Wednesday 26th Oct 2016 - Logistics Manager

Big deals

There is a clear trend to ever more complex contracts. Fourth party logistics, or lead logistics provider, contracts accounted for some 15 per cent of the total while contracts for just transport accounted for only five per cent. Warehousing contracts accounted for 11 per cent of the total.

Not surprisingly, the two biggest sectors were primary distribution and secondary distribution which each accounted for 18 per cent.

The development of increasingly demanding environmental legislation means that companies need to address the issue of disposing of old products and packaging and there is no doubt that there has been a growing demand for reverse logistics services. However, the survey shows only a couple of reverse logistics contracts signed during the year – although undoubtedly reverse logistics services were included in some of the 4PL contracts signed as well.

Reverse logistics is likely to be thrust into the limelight next year when the much delayed WEEE directive on disposal of waste electrical and electronic products becomes law. This legislation was due two years ago but will not now come into force until 1 January 2007.

Express and home delivery each accounted for about seven per cent of the contracts signed reflecting the growing importance of home shopping.

The survey is now in its sixth year and one trend is very apparent – that is the move away from dedicated contracts towards shared user. In 2001, some 60 per cent of the contracts signed were dedicated to a specific customer often involving dedicated warehouses and liveried vehicles.

But the past few years have seen much more focus on getting costs down. Consequently the emphasis has been on developing shared user services that offer the quality levels associated with dedicated but at significantly lower cost. Last year 55 per cent of contracts were shared user and this year the figure has risen to 58 per cent.

The message on contract length appears to contradict the anecdotal evidence from operators. For a number of years now, logistics service providers have complained that more and more companies have been offering shorter and shorter contracts and this is broadly supported by the evidence from our survey. Between 2001 and 2003 more than three quarters of contracts were for periods of three to five years. This declined in the two years following as the number of sub-three year contracts grew.

However, this year there has clearly been a growth in longer contracts (over five years). This clearly reflects changes in the market with a growth in 4PL or lead logistics provider deals.

The regional breakdown shows a small reversal in the trend evident in the previous year with more UK domestic contracts. Last year there was a noticeable growth in the proportion of international contracts but this year the number has dropped back to previous levels. Of course, this could be masking the impact of larger contracts with greater international content.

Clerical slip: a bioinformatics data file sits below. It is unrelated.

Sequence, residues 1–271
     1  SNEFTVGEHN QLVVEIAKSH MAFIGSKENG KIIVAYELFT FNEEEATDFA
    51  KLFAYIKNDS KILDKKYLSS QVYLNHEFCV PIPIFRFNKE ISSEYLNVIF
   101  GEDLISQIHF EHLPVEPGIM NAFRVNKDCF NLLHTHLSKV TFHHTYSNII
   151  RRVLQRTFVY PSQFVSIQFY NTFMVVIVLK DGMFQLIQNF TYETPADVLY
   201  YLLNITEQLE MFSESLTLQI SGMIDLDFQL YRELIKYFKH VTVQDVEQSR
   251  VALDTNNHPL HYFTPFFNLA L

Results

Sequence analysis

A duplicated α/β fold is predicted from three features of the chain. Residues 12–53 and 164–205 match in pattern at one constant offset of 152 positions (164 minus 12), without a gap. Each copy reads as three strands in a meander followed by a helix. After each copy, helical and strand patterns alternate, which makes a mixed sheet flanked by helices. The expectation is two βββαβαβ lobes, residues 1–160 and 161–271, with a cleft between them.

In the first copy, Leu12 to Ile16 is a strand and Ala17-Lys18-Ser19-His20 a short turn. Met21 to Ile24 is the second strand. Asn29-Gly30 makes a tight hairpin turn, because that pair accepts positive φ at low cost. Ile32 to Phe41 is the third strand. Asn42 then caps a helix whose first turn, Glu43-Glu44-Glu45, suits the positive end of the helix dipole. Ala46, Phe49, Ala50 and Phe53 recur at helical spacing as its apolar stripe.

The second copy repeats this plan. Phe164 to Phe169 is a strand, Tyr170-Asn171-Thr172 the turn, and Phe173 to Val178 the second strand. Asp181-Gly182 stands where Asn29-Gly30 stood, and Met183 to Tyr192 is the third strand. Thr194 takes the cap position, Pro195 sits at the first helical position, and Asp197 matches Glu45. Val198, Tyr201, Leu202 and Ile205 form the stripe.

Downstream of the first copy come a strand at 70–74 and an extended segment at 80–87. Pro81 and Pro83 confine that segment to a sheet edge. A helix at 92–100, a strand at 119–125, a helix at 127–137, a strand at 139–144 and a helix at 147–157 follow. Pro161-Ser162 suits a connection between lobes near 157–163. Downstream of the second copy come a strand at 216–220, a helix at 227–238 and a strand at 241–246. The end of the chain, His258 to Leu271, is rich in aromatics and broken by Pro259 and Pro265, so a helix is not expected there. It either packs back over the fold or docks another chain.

There have been a number of very large contracts signed in the past year – perhaps the largest is a £300m five year contract which the Ministry of Defence as awarded to Purple Foodservice Solutions which involves supplying food to the military. In the same area is a £36m contract between Little Chef and Woodward Foodservice.

DHL Logistics won a £75m five year contract with Canon (UK) as well as a £21m three year contract with Network Rail while Nissan renewed its £21m three year contract for parts distribution with TNT.

TDG won the final two regions of Tesco’s fuel distribution giving it the whole business worth £24m a year. It also had a major win in the grocery sector with a £9m a year contract with the newly independent Kwik Save.

Fourth party logistics

The past year has seen the growth in fourth party logistics with a number of substantial contracts being signed. Perhaps the most notable of these was the TDG contract to manage all the transport operations for Corus. Under this seven year multi-million pound deal, Corus’s hauliers will be contracted and managed by TDG. Corus dispatches by road some 1,500 loads of steel products a day from more than 40 sites throughout the UK. To optimise the operation, TDG is creating a centralised planning platform at Scunthorpe using its Integrated Transport Management system to provide core management functions and generate the most favourable routes and loads through its analysis of Corus’ order pool. TDG reckons it can save over a million miles of transport each year, reducing over half a million litres of fuel consumption and its associated carbon dioxide and nitrogen oxide emissions.